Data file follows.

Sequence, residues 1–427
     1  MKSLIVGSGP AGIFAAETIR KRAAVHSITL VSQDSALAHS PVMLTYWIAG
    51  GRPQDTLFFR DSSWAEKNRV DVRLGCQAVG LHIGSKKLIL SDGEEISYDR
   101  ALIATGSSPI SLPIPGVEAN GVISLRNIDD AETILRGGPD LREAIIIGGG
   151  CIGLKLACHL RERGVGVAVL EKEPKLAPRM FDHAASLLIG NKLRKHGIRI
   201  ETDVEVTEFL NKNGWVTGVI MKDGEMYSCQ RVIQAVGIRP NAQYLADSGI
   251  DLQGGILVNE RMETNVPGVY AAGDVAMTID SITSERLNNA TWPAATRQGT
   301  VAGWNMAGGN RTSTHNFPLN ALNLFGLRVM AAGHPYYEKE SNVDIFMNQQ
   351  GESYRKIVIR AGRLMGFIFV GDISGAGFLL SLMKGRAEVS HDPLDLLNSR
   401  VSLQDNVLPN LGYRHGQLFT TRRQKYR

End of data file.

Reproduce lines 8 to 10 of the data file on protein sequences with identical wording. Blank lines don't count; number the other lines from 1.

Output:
   301  VAGWNMAGGN RTSTHNFPLN ALNLFGLRVM AAGHPYYEKE SNVDIFMNQQ
   351  GESYRKIVIR AGRLMGFIFV GDISGAGFLL SLMKGRAEVS HDPLDLLNSR
   401  VSLQDNVLPN LGYRHGQLFT TRRQKYR